Abstract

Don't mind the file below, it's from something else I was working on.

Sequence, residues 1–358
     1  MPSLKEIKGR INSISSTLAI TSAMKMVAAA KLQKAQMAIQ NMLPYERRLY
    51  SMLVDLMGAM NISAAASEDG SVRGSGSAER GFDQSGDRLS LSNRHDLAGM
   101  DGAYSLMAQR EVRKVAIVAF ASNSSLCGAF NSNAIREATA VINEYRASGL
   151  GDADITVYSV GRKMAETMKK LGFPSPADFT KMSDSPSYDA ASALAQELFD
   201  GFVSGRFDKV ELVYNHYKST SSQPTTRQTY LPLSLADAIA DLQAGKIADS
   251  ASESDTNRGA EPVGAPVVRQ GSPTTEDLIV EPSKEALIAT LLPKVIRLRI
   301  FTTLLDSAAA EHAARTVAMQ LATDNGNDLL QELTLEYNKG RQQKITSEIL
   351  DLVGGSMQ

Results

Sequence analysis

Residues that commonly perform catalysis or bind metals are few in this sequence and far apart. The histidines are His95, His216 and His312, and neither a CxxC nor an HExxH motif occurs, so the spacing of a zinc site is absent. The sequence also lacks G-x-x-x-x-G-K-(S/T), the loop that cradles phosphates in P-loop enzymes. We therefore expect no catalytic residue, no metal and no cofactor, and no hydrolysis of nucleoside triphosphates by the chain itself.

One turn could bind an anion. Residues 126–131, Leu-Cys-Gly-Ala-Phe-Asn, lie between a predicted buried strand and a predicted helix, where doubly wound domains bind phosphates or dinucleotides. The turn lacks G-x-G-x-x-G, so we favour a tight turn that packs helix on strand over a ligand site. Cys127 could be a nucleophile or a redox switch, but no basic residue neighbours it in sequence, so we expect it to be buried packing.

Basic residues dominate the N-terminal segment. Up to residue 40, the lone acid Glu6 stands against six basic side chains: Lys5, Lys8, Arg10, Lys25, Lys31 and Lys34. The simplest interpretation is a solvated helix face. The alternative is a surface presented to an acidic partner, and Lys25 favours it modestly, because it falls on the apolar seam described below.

When heavy minerals are liberated by weathering of their parent rock, resistant species show relative concentration and less resistant species decrease in relative abundance or disappear completely. The change in relative abundance of the various minerals from fresh rock to the weathered products is a measure of their comparative resistance to weathering. Samples of fresh and weathered Wissahickon schist from Pennsylvania and Maryland were analyzed in this way. Zircon proved to be the most resistant mineral considered, garnet the most readily destroyed in weathering. Other common heavy minerals show considerable range in resistance. The results of this study, particularly the data on weathering of garnet, were used in interpreting the origin of nearby Lower Cretaceous sediments. Applications of the method and results to other fields of geology and to soil science are suggested.

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